Charlestown 01: Charlestown Patriot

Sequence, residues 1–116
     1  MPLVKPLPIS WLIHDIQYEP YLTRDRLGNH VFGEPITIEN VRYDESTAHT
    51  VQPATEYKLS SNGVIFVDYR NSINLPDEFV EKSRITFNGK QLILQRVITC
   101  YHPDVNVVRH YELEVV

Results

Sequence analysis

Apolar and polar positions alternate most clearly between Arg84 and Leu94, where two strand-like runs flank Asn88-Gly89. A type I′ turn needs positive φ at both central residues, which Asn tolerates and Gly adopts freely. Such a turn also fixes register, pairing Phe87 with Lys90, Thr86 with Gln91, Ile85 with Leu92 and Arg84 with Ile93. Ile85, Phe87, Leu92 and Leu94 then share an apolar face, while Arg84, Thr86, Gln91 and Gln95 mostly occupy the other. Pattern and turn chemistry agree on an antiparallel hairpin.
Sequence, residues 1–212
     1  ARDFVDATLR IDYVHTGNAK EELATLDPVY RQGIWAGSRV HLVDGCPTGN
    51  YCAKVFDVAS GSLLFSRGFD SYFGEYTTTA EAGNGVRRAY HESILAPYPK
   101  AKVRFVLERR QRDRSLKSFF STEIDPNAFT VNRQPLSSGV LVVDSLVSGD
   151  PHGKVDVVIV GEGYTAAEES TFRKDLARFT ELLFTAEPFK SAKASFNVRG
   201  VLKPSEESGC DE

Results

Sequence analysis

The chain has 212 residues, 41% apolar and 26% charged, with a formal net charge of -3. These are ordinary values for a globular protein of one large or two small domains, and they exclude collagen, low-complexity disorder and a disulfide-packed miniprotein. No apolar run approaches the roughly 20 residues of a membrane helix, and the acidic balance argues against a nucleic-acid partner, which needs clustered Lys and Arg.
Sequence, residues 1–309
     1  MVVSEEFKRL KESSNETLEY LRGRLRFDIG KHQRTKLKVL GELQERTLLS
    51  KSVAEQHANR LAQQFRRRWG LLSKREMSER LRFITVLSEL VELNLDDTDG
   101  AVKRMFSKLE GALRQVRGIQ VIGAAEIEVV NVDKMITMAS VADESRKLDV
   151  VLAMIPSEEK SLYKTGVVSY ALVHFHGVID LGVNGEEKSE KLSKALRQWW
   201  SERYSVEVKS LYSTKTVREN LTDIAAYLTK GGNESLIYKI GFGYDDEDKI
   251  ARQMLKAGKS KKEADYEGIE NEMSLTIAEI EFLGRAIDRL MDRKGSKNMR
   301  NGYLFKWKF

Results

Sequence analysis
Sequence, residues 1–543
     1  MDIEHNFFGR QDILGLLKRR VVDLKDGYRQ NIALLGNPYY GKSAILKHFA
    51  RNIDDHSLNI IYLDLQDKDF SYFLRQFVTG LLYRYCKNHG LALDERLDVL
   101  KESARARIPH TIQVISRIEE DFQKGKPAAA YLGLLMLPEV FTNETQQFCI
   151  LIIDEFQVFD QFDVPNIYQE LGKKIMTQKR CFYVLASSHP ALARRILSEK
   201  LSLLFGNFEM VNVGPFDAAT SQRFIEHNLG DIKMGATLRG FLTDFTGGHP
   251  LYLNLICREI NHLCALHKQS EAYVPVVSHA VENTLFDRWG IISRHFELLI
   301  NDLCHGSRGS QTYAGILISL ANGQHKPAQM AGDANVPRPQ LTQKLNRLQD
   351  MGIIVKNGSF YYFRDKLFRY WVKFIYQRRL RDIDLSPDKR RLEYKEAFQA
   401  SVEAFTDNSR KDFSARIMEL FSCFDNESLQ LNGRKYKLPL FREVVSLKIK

Narrative History of this LineageThe first newspaper published in Charlestown is one whose existence can only be discerned from references to that journal found in newspapers elsewhere in the country. As a result, little can be said definitively about its origin, conduct, or closure, although the period when it was issued provides modern observers with some context and probabilities. Until 1835, Charlestown was home to a single newspaper, one that served as the journal of record for Jefferson County. The county itself was formed by an act of the General Assembly in January 1801 by splitting off the eastern third of Berkeley County, a region on the west bank of the Potomac River from Harpers Ferry north. With Charlestown situated near the center of the new county, it was named as the county's seat in that act. At that time, the northern Shenandoah Valley was served by two papers from the Berkeley seat of Martinsburg – one Federalist and one Republican. The dominant journal was the Federalist weekly of John Alburtis (004), The Berkeley Intelligencer; his paper first issued in April 1799 to counter the Potomac Guardian of the Jeffersonian publisher, Nathaniel Willis (449); the ensuing depletion of his revenues forced Willis to sell his decade-old paper that November to Armstrong Charlton (088). Charlton recast the paper as the Republican Atlas in April 1800, adding William Brown (058) as a partner; this was a strange alliance, as Brown was a brother to Matthew Brown (057), an incendiary Federalist editor from Baltimore, who was then also senior partner in the Alexandria Advertiser, a new partisan daily there. So this pairing was probably doomed from the start by their conflicting political views. Sometime in summer 1801, Charlton sold his interest in the paper to Brown and departed Martinsburg; Brown's subsequent attempt to turn the Atlas into a Federalist journal was stymied by the presence of Alburtis's larger weekly, now called The Berkeley and Jefferson Intelligencer. With Alburtis asserting that his paper was the journal of record for Jefferson County as well as Berkeley, Brown closed the Atlas in November 1801 and moved his press to Charlestown to serve the new county's government; he would conduct a printing office there until April 1809. The first known reference to the Charlestown Patriot is in Alburtis's paper for March 18, 1803, little more than a year into Brown's residence there. That concurrence indicates that Brown printed the new journal, but it appears that he did not edit it. The latest known reference to the Patriot is in Kline's Carlisle (Penn.) Weekly Gazette of November 30, 1804, which reprinted an article from the issue of November 12th; that article reported on the "bilious fever" then raging in Jefferson County and ended with an attack on Federalists: "Those who ascribe the prevalence of the disease to the more immediate opertion [sic] of the Almighty, will not be at a loss to find the causes of his wrath. The horrid profanation of his name, of his titles, of his attributes; the disrespect of his ordinances, and the partial neglect of the magistracy in the suppression of vice an immorality; all this combined with the daily slanders issued from the self stiled [sic] federal presses, as well as from interested individuals, against the virtuous and honest administration of our government, will furnish a sufficient reason why the blasphemy, the discontentedness, and preverseness [sic] of the federalists, should call down the divine displeasure upon our citizens." Such a vicious anti-Federalist commentary surely would not have come from Brown's pen, so indicating that he was the printer in an arrangement here with at least one Republican editor. That would also be the case when Brown later printed the Farmers' Repository there for Richard Williams in 1808 and 1809. The above citations appear to stand as bookends for the published run of the Charlestown Patriot, even as the dates for its birth and death cannot be determined without surviving issues. It may be that the journal began publication much earlier than the March 1803 reference suggests, perhaps as early as the spring of 1802, once Brown was settled in the town. But the mid-November 1804 reference seems to come just before its demise or, at least, before its transformation into Charleston's next paper – the Farmers' Register. That journal has been assigned an 1804 date as well, from the mutilated copy of the only issue of that weekly ever recorded, now lost. That chronological proximity suggests a simple change in name between the two publications; however, absent evidence for a succession between the Patriot and the Register, each title needs to be listed separately in this Index. Sources: Norona & Shetler 1189; Rice, "West Virginia Printers." Not in Library of Congress files.
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